A fast-growing GDP doesn’t necessarily indicate market success, and thus it’s risky to bet on index funds from emerging markets. But according to McDonald, a much stronger correlation exists between slow-growing economies and poor market performance. One strategic investment takeaway is to avoid companies and index funds from slow-growing markets.
Investors also should beware of assuming too much about individual companies based on where they are headquartered. Exporters and multinational corporations are likely to do business in many markets, lessening the degree to which their success is tied to the national economy of their home country. And, as mentioned earlier, per capita income is a much better indicator of a country’s spending capacity than national GDP. So while India may be best poised to grow its GDP, China’s controlled growth and more advanced economy are more likely to create a middle class with purchasing power.
Today, exporters may be a more attractive investment, although there’s still risk involved.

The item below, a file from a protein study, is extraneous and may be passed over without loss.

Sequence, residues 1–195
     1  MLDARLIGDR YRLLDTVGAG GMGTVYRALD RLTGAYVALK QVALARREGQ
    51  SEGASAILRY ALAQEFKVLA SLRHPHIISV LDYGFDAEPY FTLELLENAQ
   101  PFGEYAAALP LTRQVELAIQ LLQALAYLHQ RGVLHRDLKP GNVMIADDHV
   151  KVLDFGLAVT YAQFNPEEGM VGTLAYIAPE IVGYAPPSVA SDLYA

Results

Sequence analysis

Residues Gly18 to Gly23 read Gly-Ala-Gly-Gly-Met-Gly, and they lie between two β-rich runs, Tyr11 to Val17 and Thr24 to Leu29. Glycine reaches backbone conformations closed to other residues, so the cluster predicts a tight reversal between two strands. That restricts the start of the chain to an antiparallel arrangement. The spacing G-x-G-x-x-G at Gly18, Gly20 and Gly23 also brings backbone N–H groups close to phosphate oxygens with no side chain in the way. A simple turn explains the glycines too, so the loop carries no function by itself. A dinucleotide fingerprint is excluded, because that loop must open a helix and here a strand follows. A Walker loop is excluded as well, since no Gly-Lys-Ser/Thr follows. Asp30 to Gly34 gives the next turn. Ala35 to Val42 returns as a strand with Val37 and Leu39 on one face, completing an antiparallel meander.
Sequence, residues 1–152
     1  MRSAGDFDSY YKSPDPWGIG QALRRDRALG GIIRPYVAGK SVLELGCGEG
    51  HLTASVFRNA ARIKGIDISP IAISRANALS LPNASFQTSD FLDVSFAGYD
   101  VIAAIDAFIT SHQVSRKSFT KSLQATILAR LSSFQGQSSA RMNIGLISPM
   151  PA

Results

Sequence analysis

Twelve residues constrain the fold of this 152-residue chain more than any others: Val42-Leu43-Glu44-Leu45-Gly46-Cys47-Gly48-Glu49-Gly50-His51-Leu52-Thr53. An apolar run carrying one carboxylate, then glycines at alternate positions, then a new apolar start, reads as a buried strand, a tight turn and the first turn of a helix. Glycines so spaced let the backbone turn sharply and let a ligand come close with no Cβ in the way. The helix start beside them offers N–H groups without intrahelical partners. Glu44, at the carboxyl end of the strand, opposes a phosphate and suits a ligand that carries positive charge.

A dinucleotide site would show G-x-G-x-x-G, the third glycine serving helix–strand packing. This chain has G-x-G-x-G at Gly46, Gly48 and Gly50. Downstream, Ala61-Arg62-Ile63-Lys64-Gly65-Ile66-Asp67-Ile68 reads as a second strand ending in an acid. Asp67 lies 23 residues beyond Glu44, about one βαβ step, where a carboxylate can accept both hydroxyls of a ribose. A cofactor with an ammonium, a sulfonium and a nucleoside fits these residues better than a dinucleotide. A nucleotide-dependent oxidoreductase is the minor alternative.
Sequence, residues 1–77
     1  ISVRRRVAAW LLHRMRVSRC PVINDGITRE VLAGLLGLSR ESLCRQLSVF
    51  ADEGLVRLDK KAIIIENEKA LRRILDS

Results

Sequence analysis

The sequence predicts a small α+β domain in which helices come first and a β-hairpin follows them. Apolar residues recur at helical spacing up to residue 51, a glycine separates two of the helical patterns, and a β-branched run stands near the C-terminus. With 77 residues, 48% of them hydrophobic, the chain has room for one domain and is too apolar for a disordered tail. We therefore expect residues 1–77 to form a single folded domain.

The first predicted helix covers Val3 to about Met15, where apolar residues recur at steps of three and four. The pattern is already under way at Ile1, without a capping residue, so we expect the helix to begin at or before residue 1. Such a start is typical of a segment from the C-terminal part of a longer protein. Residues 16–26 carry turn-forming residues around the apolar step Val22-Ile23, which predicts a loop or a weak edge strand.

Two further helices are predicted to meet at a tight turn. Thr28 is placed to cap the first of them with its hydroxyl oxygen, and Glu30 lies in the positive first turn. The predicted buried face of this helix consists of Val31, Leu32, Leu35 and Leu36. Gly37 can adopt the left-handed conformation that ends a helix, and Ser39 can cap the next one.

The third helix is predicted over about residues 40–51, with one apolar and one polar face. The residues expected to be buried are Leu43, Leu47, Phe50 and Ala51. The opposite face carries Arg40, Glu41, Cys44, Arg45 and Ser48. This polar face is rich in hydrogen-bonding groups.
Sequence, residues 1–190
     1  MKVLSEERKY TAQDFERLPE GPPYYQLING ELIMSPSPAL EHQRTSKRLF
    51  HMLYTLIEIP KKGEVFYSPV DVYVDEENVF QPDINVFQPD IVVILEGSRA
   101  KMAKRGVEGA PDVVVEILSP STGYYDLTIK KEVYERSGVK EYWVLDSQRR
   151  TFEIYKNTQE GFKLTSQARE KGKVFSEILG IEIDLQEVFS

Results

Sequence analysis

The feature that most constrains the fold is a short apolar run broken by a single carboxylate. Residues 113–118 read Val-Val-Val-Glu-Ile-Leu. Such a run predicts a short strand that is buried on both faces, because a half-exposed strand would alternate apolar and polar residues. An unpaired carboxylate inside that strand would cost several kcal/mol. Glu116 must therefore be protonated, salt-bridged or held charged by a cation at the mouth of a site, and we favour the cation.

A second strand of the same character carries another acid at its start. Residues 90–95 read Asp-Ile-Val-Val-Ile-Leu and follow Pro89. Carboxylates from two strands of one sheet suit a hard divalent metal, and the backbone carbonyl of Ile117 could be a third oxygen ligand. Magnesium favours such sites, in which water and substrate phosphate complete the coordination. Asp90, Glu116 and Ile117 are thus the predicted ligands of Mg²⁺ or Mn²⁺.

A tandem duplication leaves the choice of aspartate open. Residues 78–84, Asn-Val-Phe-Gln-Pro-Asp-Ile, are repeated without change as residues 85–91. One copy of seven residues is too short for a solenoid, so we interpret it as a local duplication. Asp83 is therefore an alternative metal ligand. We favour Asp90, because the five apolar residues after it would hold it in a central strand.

“Right now, exporters are outperforming other sectors because these emerging market economies [like China and India] are growing faster than expected. So a U.S. or European company that is successful in exporting to those emerging markets is benefiting,” Marston says. “Over time, though, there will be periods when the big multinationals will do worse, as the dollar fluctuates.”
Looking ahead over the next 10 to 20 years, however, emerging markets are expected to grow further and become more consumer-oriented. “So it’s a reasonable bet to bias your portfolio to larger emphasis on export-oriented multinationals in the U.S., Germany and northern Europe,” Marston says.
Tracking global demographic changes alone can be a dangerous exercise when it comes to informing individual investment strategies. But by identifying the countries that will grow more populous and productive, investors may be able to anticipate important shifts in the international economy.